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I want to test a construct which calls a method within it twice to get two different values

public class  stubhandler

public stubhandler()

string codetext = model.getValueByCode(int a,string b); // 1,"High"    result Canada
string datatext = model.getValueByCode(int a,string b); // 10, "Slow"   result Motion



To test the above i use a unit test class

public void StubHandlerConstructor_Test()
Mock<Model> objMock = new Mock<>(Model);
objMock.Setup(m => m.getValueByCode(It.IsAny<int>,It.IsAny<string>)).Returns("Canada");

objMock.Setup(m => m.getValueByCode(It.IsAny<int>,It.IsAny<string>)).Returns("Motion");

stubhandler  classstubhandler = new stubhandler();


The above method pass but codetext and datatext contains same value Motion i want them to set to

codetext = Canada
datatext = Motion

How can i achieve this?

I have tried objMock.VerifyAll() which fails the test ??

share|improve this question
It may not be the best way to do it, but why not replace the It.IsAny<int> with specific values that match Canada or Motion specifically?. It feels like a rather clumsy solution though. –  SpaceBison Sep 26 '12 at 10:36
It is the return value that matters not the parameters those are dummy –  Gauls Sep 26 '12 at 11:14

2 Answers 2

up vote 3 down vote accepted

If using MOQ 4 one can use SetupSequence, else it can be done using a lamda

Using SetupSequence is pretty self explanatory.

Using the lamdas is not too messy. The important point to not it that the return value is set at the time that the setup is declared. If one just used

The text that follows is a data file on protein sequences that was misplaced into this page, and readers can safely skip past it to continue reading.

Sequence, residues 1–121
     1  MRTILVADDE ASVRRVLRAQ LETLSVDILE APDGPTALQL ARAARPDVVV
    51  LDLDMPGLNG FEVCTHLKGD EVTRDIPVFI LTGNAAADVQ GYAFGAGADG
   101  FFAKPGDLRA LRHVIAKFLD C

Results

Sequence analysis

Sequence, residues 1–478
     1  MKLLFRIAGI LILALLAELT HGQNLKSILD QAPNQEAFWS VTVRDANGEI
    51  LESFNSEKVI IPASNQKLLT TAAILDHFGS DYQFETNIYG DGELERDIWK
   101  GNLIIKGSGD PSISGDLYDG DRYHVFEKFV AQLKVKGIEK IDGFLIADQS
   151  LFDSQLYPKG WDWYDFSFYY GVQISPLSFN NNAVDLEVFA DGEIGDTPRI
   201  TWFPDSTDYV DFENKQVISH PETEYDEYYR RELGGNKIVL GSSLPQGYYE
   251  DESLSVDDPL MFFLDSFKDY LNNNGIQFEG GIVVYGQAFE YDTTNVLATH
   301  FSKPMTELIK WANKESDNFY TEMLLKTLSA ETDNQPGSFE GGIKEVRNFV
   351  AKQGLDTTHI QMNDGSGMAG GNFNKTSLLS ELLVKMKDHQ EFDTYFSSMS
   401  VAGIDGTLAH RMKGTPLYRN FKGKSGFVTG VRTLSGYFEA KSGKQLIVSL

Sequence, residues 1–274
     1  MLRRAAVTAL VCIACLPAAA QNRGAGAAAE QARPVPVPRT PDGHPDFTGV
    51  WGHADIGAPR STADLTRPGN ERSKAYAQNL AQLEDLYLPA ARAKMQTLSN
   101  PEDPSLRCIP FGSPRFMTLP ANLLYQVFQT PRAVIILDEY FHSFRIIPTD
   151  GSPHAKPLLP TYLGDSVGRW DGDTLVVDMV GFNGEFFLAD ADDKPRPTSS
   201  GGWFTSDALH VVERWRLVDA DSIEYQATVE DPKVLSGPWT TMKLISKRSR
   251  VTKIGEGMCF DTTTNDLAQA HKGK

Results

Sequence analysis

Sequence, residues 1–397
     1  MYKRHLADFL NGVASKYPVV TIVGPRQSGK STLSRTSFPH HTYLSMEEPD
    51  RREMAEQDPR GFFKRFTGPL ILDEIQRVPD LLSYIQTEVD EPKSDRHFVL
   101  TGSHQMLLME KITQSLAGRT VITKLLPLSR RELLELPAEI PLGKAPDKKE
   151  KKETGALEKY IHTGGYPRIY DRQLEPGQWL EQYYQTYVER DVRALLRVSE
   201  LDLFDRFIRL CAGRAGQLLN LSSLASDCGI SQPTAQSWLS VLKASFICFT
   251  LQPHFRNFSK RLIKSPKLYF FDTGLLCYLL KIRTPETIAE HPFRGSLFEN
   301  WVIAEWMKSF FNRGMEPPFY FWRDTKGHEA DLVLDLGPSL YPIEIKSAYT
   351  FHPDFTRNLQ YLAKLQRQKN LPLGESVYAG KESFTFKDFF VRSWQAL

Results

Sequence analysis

mockFoo.Setup(mk => mk.Bar()).Returns(pieces[pieceIdx++]);

the setup would always return pieces[0]. By using the lamba, the evaluation is deferred until Bar() is invoked.

public interface IFoo {
    string Bar();

public class Snafu {

    private IFoo _foo;
    public Snafu(IFoo foo) {
        _foo = foo;

    public string GetGreeting() {
        return string.Format("{0} {1}",


public void UsingSequences() {

    var mockFoo = new Mock<IFoo>();
    mockFoo.SetupSequence(mk => mk.Bar()).Returns("Hello").Returns("World");

    var snafu = new Snafu(mockFoo.Object);

    Assert.AreEqual("Hello World", snafu.GetGreeting());


public void NotUsingSequences() {

    var pieces = new[] {
    var pieceIdx = 0;

    var mockFoo = new Mock<IFoo>();
    mockFoo.Setup(mk => mk.Bar()).Returns(()=>pieces[pieceIdx++]);

    var snafu = new Snafu(mockFoo.Object);

    Assert.AreEqual("Hello World", snafu.GetGreeting());

share|improve this answer
i had to use the 2nd way due the moq version, fab works like a charm. thanks a lot. –  Gauls Sep 26 '12 at 12:49

Moq documentation says you can simulate something like successive returns with Callback method:

var values = new [] { "Canada", "Motion" };
int callNumber = 0;

mock.Setup(m => m.getValueByCode(It.IsAny<int>(), It.IsAny<string>()))
    .Returns((i,s) => values[callNumber])
    .Callback(() => callNumber++);

This will do the trick, but it's not the most elegant solution. Matt Hamilton proposes much better one in his blog post, with clever use of queue:

var values = new Queue<string> { "Canada", "Motion" };

mock.Setup(m => m.getValueByCode(It.IsAny<int>(), It.IsAny<string>()))
    .Returns(() => values.Dequeue());

Calling mock.Object.getValueByCode twice, will produce "Canada" and "Motion" strings respectively.

share|improve this answer
+1 - really like that usage of Queue –  SpaceBison Sep 26 '12 at 12:36
its funny tired both the above method the first one get "canada" for both and the second using queues gets Urgent. Didn't work for me? –  Gauls Sep 26 '12 at 14:45
@Gauls: thanks, there's been error with first solution - Returns has to be specified lazily via lambda (fixed now). No clue what's wrong with Queue one, works on my box. –  jimmy_keen Sep 26 '12 at 15:48

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